Prospective students can contact the new student support team @ for information.

Pre-apprentices and employers meet face to face at TCC career preparation seminar

Juniors and seniors from the four major school systems, representatives from regional ship repair companies and administrators invested in Tidewater Community College’s Apprenticeship Institute created a buzz in the Chesapeake Campus Student Center.

Mock interviews, resume advice and real talk from a panel of apprentices were all part of TCC’s first-ever Shipbuilding Pre-Apprenticeship Career Preparation Seminar.

“This is collaboration — employers, high school students and the college all connecting,” said Todd Estes, director of TCC’s Apprenticeship Institute. The 132 pre-apprentices, each wearing navy, collared polo shirts, sponsored by The SMART Center, sat across the table from employers, all members of Virginia Ship Repair Association, for a sampling of some real-world questions they might be asked should they continue the apprenticeship route.

Representatives from Newport News Shipbuilding, Oceaneering, BAE Systems, Lyon Shipyard, Tecnico and Colonna’s were among those in attendance.

Pre-apprentices Aaron Farnham (Grassfield), Alyssa Shepherd (Wilson), Felicia Cossavella (First Colonial) and Warren Burrus (Norview)

Interviews were conducted in the same manner as speed dating.

“An ad slogan to describe yourself?”

“What do you do when you’re part of a team and one member isn’t carrying his weight?”

“What’s your strength?”

Good attendance isn’t the best answer for that last question, advised Cal Scheidt, director of military contract programs at TCC. “That’s an expectation.”

When the pre-apprentices would stammer, freeze and even “pass” on a question, they were encouraged to dig deeper. “You’ve got to learn to think on your feet,” urged Will Early from Tecnico.

As pre-apprentices, the students already have a leg up on achieving a Registered Apprenticeship opportunity that would allow them to “earn while they learn.” Three hours of real-world career preparation only enhances their chances of being part of a program that combines on-the-job training with a theoretical approach and a paycheck in career areas that have been identified as high demand.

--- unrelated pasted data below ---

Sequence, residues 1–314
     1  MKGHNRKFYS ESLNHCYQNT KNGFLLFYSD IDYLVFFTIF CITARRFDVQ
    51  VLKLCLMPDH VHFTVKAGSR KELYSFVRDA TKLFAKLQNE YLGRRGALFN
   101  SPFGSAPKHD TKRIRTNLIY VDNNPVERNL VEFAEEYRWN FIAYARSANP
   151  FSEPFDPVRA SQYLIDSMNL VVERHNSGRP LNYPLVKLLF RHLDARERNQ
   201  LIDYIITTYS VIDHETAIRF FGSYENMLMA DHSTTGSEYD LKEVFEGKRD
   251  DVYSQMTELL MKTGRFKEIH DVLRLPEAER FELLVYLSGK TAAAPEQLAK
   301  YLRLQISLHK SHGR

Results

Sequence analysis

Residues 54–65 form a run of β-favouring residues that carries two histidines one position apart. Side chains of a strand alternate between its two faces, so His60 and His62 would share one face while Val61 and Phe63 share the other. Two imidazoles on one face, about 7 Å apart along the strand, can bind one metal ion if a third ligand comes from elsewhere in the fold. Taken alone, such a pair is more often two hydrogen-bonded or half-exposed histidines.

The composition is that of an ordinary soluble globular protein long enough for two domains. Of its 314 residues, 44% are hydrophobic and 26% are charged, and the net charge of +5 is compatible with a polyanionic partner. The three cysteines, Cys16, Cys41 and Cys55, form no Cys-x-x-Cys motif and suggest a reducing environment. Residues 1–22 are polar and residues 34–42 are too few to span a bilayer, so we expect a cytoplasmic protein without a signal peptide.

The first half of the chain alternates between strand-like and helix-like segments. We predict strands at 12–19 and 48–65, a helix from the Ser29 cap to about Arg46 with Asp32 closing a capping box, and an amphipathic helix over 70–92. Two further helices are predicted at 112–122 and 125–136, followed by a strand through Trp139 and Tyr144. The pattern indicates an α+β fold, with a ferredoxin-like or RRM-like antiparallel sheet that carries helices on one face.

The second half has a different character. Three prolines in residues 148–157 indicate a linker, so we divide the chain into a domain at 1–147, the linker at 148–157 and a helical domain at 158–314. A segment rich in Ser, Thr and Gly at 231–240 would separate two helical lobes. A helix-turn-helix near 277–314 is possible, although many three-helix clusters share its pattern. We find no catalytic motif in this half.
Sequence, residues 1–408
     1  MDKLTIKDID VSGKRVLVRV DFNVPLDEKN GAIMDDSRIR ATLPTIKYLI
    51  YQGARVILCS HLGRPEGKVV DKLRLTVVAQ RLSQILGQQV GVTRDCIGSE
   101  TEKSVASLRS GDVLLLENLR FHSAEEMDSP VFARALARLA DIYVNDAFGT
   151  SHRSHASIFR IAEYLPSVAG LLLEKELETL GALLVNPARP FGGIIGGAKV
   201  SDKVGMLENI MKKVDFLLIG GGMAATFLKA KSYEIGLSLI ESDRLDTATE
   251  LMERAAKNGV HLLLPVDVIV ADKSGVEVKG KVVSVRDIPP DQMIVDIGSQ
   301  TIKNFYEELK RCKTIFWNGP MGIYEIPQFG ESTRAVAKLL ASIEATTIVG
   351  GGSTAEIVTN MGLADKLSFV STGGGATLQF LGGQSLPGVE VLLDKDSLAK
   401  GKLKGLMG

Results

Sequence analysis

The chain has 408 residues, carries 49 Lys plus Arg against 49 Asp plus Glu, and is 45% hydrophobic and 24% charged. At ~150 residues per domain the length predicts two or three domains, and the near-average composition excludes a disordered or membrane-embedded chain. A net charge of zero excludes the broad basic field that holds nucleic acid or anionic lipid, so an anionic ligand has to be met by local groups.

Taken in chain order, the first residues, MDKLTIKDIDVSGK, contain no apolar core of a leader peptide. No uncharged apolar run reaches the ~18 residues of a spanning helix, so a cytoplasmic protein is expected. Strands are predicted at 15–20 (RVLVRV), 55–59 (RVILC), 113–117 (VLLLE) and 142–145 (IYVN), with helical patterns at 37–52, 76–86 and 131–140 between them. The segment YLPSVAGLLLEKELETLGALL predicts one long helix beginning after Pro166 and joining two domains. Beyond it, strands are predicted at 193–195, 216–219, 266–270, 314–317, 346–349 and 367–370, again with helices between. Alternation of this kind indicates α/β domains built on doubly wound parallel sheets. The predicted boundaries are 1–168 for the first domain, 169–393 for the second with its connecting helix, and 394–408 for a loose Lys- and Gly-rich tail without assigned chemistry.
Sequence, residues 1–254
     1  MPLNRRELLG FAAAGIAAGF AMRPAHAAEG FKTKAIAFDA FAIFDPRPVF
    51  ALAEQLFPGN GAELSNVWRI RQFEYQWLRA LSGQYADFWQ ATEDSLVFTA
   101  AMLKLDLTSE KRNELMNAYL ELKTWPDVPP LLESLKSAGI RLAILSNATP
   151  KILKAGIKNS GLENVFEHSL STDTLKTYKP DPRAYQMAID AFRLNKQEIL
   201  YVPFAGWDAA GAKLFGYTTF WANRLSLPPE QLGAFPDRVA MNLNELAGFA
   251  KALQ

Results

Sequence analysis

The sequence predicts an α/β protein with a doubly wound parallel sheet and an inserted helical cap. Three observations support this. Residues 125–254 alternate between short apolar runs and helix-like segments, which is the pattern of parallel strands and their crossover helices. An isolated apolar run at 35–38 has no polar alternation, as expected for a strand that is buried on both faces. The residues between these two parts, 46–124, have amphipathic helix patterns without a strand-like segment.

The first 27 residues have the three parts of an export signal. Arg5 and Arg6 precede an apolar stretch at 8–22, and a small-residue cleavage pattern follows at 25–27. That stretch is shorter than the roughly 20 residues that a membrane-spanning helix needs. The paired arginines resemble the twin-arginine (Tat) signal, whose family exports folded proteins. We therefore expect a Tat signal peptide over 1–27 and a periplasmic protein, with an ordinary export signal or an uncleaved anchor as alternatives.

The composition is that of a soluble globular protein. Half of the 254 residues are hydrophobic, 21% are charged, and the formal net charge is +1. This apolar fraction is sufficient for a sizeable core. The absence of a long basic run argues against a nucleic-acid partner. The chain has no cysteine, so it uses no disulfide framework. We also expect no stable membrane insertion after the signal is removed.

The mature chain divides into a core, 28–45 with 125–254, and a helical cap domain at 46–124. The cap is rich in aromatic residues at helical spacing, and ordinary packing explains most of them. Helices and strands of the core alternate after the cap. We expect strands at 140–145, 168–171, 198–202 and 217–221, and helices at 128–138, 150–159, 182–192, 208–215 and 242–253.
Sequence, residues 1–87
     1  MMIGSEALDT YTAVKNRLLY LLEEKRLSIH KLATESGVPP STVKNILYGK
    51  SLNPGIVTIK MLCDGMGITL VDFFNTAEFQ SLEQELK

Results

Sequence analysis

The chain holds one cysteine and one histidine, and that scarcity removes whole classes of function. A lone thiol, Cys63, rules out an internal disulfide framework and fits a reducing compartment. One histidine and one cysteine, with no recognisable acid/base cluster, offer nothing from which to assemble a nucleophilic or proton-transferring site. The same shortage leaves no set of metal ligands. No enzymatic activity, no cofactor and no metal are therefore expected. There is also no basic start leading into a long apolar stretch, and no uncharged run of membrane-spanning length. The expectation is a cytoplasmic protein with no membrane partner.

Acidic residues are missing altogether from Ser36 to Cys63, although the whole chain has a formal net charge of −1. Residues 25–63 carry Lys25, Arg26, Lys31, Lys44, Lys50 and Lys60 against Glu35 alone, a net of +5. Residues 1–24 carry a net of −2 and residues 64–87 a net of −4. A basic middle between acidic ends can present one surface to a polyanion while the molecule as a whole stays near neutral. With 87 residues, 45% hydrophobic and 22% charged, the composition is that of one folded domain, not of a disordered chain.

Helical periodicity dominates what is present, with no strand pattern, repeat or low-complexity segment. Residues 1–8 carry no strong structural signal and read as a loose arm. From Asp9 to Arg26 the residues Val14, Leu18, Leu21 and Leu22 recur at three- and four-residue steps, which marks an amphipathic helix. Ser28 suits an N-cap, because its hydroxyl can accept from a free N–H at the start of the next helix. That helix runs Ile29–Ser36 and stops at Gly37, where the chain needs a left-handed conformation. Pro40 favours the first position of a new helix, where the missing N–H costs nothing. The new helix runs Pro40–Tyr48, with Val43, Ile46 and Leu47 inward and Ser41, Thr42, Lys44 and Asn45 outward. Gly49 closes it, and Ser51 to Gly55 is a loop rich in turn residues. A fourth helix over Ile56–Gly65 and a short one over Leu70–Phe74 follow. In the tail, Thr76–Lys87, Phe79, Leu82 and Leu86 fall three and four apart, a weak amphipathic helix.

Demetrius Lee, a senior at Norcom High who was accepted into the Apprentice School just two days prior, enjoyed the practical tips he learned over three hours.

Demetrius Lee with Will Prescott, training manager at The Apprentice School.

From his first day learning welding at TCC’s Portsmouth Campus, Lee realized he had found something special. For starters, he loves to weld.  “I knew it was for me; the learning process is actually fun,” he said. “I like everything about it – the environment and the teachers – they push you.”

Lee, aspiring to be a supervisor at Newport News Shipbuilding, noted, “It’s overwhelming and unreal to be 18 and have a promising career.”

Seth Messinger, a Great Bridge High junior, also found the day helpful.  “Getting to know the companies and what they expect is great, so when I come back next year as a senior, I already have that relationship,” he said.

Administrators from the school systems in Chesapeake, Norfolk, Portsmouth and Virginia Beach agreed that pre-apprenticeships are becoming an easier sell in an era of student loan debt coupled with the frustration of finding a good job even with a bachelor’s degree in hand.

“This has the potential to be life changing for these young people,” said Sheli Porter, director of high school curriculum and instruction for Chesapeake Public Schools. “We’re trying to expand the knowledge in our community that there are opportunities. You can make a good living and we have employers who are right here eager to talk to these young people.

“TCC helped us facilitate these conversations between businesses and our kids and our families so that they understand apprenticeship is a valid option. Our school division is the vessel to give kids that library of choice. This is not settling. This is a good living, a career.”

For information about the Apprenticeship Institute, contact Estes at